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Tip of the Day
Language: Pascal
Expertise: Beginner
Mar 18, 1999

Descendants of TTreeNode Not Compatible

Question:
I am having troubles with the TTreeView component and adding custom derivations of TTreeNodes to it. I want to define a new type of TTreeNode with a lot of extra parameters for my application (for example, an internal-timer for each item that does some polling, and so on) and then add that new node to a TTreeView. The problem is caused by this simplified subclass that I created of TTreeNode:
========== TUser Class ========================
type
  TUser  = Class( TTreeNode )
  private
    FSomeTimer : TTimer;

    FUserTag   : String[10];

  public
    constructor Create( AOwner: TTreeNodes ); virtual;
    destructor  Destroy; override;

    //procedure   SetTag( s : String );  not relevant in example
  end;

 { procedures follow }

constructor TUser.Create( AOwner : TTreeNodes );
begin
 inherited Create( AOwner );

 FSomeTimer := TTimer.Create( nil );
 FSomeTimer.Enabled := FALSE;
end;

destructor TUser.Destroy;
begin
 
 inherited Destroy;
 FSomeTimer.Free;
end; 

====================END TUser Class ================
When I try this next code, I receive a compiler event saying that it is not assignment compatible, which is understandable as it really isn't:
var
 aUser : TUser;

begin
 aUser := TreeView1.Items.Add( nil, 'some caption');
end;
Also, if I were to type cast the result from the .Add, it would compile but crash at run time if I attempt to modify any of my "extended" properties.

However, when I try this line of code, it does compile and work, but the item does not actually show up on screen:

 aUser := TUser.Create( TreeView1.Items );
How can I solve this problem? Do I need to create some new type of TTreeView? If so, how is this possible?

Answer:
Think about this: When you make a call to the Add method, what by default gets created? A TTreeNode. TTreeView knows only about how to create a TTreeNode, not a descendant. That's where your problem lies. If you look at the ComCtrls unit, you'll see that TTreeView merely surfaces various protected properties of TCustomTreeView, and if you look at the code for AddChild of TCustomTreeView.Items.AddChild (or Add, etc.), you'll see that this method creates new TTreeNodes. No matter what you try to do, you won't be able to create the descendant by just calling the Add- methods. Furthermore, since TTreeNode methods cannot be overriden, you can't subclass the methods to affect some sort of polymorphic behavior. So what do you do?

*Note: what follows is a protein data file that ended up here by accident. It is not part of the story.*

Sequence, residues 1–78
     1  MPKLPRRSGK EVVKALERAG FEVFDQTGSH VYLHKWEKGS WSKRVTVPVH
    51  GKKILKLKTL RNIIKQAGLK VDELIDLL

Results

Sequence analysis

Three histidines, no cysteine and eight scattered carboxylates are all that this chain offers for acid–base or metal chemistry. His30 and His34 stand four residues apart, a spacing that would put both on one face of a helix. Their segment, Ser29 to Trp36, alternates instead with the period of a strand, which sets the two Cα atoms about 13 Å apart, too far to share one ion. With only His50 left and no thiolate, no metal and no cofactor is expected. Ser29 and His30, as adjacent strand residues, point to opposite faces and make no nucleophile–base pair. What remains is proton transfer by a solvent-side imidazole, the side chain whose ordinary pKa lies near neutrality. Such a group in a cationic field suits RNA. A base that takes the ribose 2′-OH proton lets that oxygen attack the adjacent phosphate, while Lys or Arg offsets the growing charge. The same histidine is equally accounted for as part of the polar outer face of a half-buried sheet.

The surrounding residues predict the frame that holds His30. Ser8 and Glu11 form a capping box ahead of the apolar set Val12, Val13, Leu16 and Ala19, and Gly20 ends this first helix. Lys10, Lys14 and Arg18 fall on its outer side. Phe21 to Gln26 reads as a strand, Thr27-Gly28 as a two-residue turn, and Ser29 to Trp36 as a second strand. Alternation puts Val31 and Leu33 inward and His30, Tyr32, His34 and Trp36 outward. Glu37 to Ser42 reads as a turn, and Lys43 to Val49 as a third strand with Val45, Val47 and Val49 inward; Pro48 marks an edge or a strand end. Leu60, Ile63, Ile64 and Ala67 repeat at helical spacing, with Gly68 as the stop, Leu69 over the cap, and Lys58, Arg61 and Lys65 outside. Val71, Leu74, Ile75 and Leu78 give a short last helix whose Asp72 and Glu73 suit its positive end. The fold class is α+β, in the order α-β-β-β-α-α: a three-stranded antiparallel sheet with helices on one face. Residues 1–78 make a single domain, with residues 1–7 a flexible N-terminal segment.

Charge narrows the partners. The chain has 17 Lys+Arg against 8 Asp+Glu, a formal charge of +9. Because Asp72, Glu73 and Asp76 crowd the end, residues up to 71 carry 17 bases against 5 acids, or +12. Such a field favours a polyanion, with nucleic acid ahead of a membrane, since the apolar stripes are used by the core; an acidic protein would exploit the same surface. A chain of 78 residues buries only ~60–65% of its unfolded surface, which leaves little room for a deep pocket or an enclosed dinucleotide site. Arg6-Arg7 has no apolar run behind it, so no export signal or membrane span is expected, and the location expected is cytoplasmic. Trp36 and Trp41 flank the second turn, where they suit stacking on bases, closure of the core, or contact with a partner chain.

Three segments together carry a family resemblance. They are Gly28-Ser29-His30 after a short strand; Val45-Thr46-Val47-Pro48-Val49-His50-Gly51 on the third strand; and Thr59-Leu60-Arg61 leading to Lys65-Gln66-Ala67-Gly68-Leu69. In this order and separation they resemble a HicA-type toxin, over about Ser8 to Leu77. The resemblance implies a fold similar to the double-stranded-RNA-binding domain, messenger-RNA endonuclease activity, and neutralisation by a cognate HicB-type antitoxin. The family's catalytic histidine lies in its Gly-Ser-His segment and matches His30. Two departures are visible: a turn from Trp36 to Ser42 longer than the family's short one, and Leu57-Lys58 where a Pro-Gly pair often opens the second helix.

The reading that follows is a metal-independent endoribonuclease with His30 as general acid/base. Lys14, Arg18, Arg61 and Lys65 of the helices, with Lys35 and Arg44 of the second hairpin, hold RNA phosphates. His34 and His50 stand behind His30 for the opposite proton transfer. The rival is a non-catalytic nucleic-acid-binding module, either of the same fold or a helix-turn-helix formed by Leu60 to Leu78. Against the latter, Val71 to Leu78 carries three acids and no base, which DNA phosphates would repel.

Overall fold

You have the right idea of creating descendants, so that's a good start. What I'd do though is a bit different from what you did. Let's start with what we know. First, TCustomTreeView's Items property is of type TTreeNodes. Also, we know that TTreeNodes Add- methods create only TTreeNode objects. Furthermore, the Add- methods are static, so they can't be overridden.

Given this information, I'd make sibling objects of both TTreeNodes and TTreeNode (copy the code from both objects to create your new siblings). Yes, this is a pain, but if you want to add your own stuff without losing the default behavior, this is the way to do it. You might want to call them TExTreeNodes and TExTreeNode, respectively. They'll essentially mimic the behavior of their siblings, but have the added functionality.

Finally, you'll have to make a sibling of TCustomTreeView because of how the class handles persistence. With TCustomTreeView, it reads and writes the Items property to and from disk to save the contents of the TreeView. Unfortunately, it's expecting to read and write only TTreeNodes type. Luckily, even though you have to make a sibling, all you need to do with it is change the type Items points to your new TExTreeNodes type. You don't need to do any further coding, unless you want to add some sort of extended Items property and then you'd have to hassle with persistence from that end. Not a good idea. Oh well, that's my two-cents-worth....

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